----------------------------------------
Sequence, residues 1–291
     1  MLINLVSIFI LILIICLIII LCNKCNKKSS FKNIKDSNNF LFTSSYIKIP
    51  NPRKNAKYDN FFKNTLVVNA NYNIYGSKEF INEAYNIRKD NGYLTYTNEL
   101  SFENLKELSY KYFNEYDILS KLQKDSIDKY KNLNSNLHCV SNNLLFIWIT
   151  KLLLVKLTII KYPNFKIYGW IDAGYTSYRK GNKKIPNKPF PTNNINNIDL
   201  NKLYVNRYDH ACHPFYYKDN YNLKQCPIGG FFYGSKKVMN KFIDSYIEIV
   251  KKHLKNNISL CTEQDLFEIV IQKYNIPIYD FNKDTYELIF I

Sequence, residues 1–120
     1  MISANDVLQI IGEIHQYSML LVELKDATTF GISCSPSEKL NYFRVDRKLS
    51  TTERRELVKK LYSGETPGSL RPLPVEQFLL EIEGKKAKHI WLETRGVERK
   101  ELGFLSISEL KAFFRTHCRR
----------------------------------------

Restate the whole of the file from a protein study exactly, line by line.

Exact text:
Sequence, residues 1–291
     1  MLINLVSIFI LILIICLIII LCNKCNKKSS FKNIKDSNNF LFTSSYIKIP
    51  NPRKNAKYDN FFKNTLVVNA NYNIYGSKEF INEAYNIRKD NGYLTYTNEL
   101  SFENLKELSY KYFNEYDILS KLQKDSIDKY KNLNSNLHCV SNNLLFIWIT
   151  KLLLVKLTII KYPNFKIYGW IDAGYTSYRK GNKKIPNKPF PTNNINNIDL
   201  NKLYVNRYDH ACHPFYYKDN YNLKQCPIGG FFYGSKKVMN KFIDSYIEIV
   251  KKHLKNNISL CTEQDLFEIV IQKYNIPIYD FNKDTYELIF I

Sequence, residues 1–120
     1  MISANDVLQI IGEIHQYSML LVELKDATTF GISCSPSEKL NYFRVDRKLS
    51  TTERRELVKK LYSGETPGSL RPLPVEQFLL EIEGKKAKHI WLETRGVERK
   101  ELGFLSISEL KAFFRTHCRR